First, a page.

Create the Perfect Setting
For a romantic and fragrant centerpiece, float a few small orchids and some tea lights in a glass bowl.
Ketchup Bottle as Dessert Decorator
Run an empty plastic ketchup bottle through the dishwasher, then fill it with your favorite sauce or condiment. Drizzle some rosemary-scented olive oil across a bowl of white bean soup, a squiggle of fudge or raspberry sauce around the rim of a dessert plate. (If calligraphy is not your strong suit, practice on a paper plate or stick to abstract designs.) You'll have a five-star-chef presentation in less than five minutes.
The History of Valentine's Day (and Kissing)
Instead of whispering sweet nothings, impress your sweetheart with these Valentine’s Day facts.
- No one knows the real story behind Saint Valentine (at least three different saints named Valentine are recognized by the Roman Catholic church), but one legend claims that he secretly married young couples against the orders of an emperor who had banned marriage because he believed single men made better soldiers.
- Today’s tradition of trading love notes on February 14 became popular in England in the 17th century.
- The first box of chocolates was introduced by Richard Cadbury in 1868.
- The oldest known valentine card dates back to the 1400s. Charles, duke of Orleans, sent it to his wife while he was imprisoned in the Tower of London.
- So-called vinegar valentines, which carried insults like “Ugly, Fat, and Forty,” were popular in the 19th century. They were sent anonymously on the 14th.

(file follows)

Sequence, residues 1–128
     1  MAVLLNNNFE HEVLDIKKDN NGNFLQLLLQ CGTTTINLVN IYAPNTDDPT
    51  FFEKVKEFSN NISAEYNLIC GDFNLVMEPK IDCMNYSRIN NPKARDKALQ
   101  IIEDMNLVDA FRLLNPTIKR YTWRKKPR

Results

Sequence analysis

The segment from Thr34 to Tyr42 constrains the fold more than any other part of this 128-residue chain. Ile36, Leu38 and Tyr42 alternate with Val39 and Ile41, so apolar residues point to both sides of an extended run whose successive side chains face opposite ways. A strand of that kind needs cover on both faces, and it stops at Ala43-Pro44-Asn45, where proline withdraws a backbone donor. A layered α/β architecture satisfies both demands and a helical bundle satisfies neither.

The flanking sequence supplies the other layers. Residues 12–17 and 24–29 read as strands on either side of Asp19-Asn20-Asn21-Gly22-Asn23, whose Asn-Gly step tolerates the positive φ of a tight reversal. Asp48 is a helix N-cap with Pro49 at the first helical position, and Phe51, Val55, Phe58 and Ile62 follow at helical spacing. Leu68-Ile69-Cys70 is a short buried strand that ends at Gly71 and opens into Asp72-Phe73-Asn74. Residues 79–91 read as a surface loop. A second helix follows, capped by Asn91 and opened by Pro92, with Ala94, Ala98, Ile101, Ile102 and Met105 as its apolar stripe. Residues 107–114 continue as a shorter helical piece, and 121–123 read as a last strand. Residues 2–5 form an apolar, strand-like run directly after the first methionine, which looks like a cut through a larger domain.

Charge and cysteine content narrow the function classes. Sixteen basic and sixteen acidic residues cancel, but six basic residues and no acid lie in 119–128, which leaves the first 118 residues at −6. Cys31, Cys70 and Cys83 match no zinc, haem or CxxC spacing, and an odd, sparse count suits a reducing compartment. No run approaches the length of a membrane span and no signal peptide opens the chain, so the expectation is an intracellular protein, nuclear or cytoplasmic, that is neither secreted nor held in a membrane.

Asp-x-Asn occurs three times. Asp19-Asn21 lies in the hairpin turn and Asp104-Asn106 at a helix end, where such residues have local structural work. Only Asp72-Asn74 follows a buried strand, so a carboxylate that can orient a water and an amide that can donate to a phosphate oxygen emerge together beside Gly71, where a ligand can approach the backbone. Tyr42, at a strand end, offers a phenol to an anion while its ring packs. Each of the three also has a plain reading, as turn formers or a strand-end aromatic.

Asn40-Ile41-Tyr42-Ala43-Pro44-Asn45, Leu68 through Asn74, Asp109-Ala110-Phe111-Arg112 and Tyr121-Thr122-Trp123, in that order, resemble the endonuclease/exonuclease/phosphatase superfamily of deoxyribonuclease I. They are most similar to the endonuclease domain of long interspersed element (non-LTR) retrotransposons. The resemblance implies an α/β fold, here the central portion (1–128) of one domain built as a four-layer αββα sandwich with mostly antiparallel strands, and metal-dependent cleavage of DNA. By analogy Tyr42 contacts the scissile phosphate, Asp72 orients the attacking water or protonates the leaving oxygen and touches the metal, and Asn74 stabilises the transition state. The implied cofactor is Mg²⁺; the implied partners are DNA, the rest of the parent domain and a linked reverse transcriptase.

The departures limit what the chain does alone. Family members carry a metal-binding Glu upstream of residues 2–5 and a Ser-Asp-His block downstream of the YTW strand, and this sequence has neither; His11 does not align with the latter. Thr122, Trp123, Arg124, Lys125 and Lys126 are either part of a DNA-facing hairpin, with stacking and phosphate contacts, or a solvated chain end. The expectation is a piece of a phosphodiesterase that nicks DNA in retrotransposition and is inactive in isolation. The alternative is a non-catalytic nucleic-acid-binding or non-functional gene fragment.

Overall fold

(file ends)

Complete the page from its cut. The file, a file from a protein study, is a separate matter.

- “Be Mine,” one of the original messages on Necco’s Sweethearts candies when they debuted, still appears every year. Recent additions? “IM Me” and “Go Girl.”
But there’s plenty you may still not know about philematology, or the science of snogging (seriously, it has a name). So wrap your orbicularis oris muscles (lips) around these tidbits of trivia, and next time you greet your valentine, you can kiss and tell.
- Some anthropologists believe that kissing originated with early Homo sapiens passing food to their babies mouth to mouth. As humans developed, the mouth-to-mouth feeding stopped, but the learned behavior of kissing remained.
- The first on-screen kiss was between John C. Rice and May Irwin in the 1896 movie appropriately titled The Kiss.
- Birds and bees may not be able to kiss, but bonobo apes do. The oft-studied primates, who are closely connected to humans, love to lay one on each other after a fight, to form social bonds, or―arguably the best reason―just because.
- As a prelude to KISS, Gene Simmons, Paul Stanley, Peter Criss, and Ace Frehley were known as Wicked Lester. In 1973 Stanley had the idea to change the band’s name to KISS, while Frehley came up with the iconic design for the KISS logo.
- They may not have been sitting in a tree, but British couple James Belshaw and Sophia Severin achieved a record for k-i-s-s-i-n-g back in 2005, when they smooched for 31 hours, 30 minutes, and 30 seconds. No word on whether it led to love, marriage, or a baby in a carriage.